The GOP is running away from a realistic deficit plan because they're afraid that it would kill their political prospects in November, Rep. Paul Ryan said at a presentation of his budget roadmap at the Brookings Institution.
When asked why Republicans aren't flocking to his bold government reform, Ryan responded, without hesitation: "They're talking to their pollsters and their pollsters are saying, 'Stay away from this, we're going to win an election.'"*
Ryan's plan would dramatically change the country's tax and entitlement system. It would introduce a value-added tax, eliminate the corporate income tax, phase in deep Medicare cuts, and partially privatize Social Security, among other things.
Liberal groups have slammed the plan for giving the richest Americans a million-dollar tax break and moving the tax burden toward the lower brackets. Key Republicans have also shunned the plan, presumably because it dramatically shrinks Medicare spending at a time when GOP leaders have recently criticized the new health care law for cutting Medicare. But on a panel discussion after Ryan's presentation, even his critics praised the congressman for putting a plan on the table when both parties were reluctant to propose any major spending cuts or tax increases.
Despite the enormity of our debt crisis -- the debt is scheduled to rise from about 60% to a vertiginous 750% of GDP in 2080 -- we cannot tax our way to prosperity, Ryan told his audience in a presentation before the question and answer session. His plan aims to hold revenues at their historical average of 19%, and the burden of debt reduction falls almost entirely on the spending side.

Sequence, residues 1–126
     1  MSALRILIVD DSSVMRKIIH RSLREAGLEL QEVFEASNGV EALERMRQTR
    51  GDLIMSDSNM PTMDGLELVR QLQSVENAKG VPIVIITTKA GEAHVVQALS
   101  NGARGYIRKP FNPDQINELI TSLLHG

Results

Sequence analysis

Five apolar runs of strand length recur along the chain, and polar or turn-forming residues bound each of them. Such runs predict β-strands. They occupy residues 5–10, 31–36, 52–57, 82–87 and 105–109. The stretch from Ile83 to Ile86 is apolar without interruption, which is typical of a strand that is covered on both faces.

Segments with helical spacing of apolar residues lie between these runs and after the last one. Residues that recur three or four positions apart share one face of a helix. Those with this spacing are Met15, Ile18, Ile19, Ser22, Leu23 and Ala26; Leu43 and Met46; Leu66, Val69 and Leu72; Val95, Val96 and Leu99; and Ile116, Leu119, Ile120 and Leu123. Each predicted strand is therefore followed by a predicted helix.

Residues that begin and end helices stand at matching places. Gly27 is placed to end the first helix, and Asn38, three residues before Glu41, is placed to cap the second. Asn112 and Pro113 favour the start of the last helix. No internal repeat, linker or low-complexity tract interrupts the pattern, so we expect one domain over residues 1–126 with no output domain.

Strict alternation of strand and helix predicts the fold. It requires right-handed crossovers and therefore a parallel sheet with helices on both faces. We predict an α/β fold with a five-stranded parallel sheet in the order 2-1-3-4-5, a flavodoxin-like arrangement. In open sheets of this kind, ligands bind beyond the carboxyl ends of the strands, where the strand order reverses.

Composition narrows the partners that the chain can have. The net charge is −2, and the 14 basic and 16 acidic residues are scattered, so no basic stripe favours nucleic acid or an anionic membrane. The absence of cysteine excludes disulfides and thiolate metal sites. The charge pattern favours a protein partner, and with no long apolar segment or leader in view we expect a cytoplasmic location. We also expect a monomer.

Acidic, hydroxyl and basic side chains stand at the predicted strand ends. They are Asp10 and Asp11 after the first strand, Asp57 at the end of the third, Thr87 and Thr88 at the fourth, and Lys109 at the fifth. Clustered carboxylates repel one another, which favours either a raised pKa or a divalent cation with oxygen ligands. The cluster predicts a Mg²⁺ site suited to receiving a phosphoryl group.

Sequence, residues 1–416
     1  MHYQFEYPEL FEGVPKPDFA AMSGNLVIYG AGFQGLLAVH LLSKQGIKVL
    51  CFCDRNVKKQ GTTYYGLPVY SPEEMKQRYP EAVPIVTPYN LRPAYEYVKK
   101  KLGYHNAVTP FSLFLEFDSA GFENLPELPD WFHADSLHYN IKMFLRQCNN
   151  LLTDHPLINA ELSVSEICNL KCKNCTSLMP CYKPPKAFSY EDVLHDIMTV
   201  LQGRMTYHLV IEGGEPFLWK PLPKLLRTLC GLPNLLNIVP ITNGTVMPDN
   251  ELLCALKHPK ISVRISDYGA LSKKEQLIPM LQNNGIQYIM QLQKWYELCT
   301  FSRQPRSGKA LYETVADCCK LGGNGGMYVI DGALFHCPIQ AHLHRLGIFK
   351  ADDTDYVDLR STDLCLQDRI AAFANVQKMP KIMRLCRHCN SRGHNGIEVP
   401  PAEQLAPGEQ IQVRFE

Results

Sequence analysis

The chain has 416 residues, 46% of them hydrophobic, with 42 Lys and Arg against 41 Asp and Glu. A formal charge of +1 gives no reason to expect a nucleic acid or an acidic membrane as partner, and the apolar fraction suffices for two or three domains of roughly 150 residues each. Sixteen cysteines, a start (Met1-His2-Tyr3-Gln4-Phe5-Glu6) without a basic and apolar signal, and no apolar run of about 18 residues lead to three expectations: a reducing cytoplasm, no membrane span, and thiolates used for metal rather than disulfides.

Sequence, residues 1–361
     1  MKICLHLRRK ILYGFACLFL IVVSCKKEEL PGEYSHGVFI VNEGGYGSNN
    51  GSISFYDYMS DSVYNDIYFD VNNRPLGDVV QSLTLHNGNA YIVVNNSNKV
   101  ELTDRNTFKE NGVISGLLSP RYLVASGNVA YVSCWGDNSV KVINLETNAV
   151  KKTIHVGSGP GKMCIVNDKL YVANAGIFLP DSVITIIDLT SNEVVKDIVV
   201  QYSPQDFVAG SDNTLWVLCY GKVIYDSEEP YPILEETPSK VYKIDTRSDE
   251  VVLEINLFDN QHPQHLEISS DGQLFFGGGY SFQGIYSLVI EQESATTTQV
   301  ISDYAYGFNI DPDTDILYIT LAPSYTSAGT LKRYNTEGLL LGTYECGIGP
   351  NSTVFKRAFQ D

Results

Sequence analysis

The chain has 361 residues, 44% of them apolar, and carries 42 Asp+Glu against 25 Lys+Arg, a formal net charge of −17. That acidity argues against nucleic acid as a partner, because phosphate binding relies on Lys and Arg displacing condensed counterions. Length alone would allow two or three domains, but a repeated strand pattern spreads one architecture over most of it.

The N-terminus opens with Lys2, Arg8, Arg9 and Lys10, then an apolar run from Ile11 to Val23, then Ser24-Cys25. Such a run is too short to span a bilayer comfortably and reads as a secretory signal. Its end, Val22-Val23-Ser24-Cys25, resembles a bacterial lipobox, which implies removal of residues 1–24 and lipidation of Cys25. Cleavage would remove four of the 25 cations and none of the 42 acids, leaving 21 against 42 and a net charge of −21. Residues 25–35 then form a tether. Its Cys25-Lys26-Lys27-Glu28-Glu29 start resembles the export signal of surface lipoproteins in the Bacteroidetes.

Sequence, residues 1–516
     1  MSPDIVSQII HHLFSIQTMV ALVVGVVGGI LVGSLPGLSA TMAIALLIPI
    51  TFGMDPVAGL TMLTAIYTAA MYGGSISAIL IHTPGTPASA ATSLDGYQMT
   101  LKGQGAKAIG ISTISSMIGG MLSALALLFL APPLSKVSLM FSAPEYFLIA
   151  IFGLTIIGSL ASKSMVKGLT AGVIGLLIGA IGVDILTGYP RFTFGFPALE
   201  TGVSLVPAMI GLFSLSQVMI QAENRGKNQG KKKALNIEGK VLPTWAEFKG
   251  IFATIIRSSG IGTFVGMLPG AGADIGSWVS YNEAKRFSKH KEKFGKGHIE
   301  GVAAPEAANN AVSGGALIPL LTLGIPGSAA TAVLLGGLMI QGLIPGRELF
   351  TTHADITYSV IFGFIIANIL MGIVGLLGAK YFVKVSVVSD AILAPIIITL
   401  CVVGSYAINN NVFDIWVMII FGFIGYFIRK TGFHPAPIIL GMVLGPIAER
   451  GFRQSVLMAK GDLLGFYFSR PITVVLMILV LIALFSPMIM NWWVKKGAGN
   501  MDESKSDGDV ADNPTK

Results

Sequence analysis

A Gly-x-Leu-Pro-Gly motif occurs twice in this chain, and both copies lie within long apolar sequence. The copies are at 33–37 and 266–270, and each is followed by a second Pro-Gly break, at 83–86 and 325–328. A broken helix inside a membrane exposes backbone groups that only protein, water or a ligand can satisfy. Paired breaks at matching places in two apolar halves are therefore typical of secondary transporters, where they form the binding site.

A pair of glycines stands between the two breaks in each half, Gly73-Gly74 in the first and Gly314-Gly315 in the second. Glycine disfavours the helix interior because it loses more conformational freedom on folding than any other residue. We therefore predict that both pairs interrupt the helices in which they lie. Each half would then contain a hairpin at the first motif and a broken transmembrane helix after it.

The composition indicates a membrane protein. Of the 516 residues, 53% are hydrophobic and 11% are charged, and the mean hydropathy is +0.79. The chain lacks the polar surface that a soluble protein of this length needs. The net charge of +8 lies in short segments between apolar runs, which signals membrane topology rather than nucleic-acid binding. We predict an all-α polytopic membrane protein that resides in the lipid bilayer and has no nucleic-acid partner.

While pollsters might advise 2010 incumbents to keep their mouth shut on tax increases or spending cuts before November, December is setting up to be Fiscal Showdown Month. The Bush tax cuts come up for renewal and the fiscal commission releases its report on deficit reduction at the end of the year. That's one reason why some politicians have forecast that 2010 could be one of the most significant "lame duck" sessions in recent history.
*Without a recorder, the quote I wrote down at the event was "They're talking to their pollsters and their pollsters are saying, 'Stay away from this.'" The quote has been updated after conferring via email with another journalist at the event.
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is a staff writer at The Atlantic,
where he writes about economics, labor markets, and the media. He is the author of Hit Makers